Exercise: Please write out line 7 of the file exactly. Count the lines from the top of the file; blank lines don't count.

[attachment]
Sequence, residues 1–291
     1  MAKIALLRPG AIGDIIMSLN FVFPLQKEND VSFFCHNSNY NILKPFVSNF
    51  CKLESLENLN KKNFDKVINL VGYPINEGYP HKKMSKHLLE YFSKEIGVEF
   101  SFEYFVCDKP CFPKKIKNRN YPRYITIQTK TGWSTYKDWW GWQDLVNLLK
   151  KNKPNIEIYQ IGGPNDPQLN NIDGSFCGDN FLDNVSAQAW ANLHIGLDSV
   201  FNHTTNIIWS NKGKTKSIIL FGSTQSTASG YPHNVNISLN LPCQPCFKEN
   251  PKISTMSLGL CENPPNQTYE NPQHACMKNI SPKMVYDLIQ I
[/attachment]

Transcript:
   251  PKISTMSLGL CENPPNQTYE NPQHACMKNI SPKMVYDLIQ I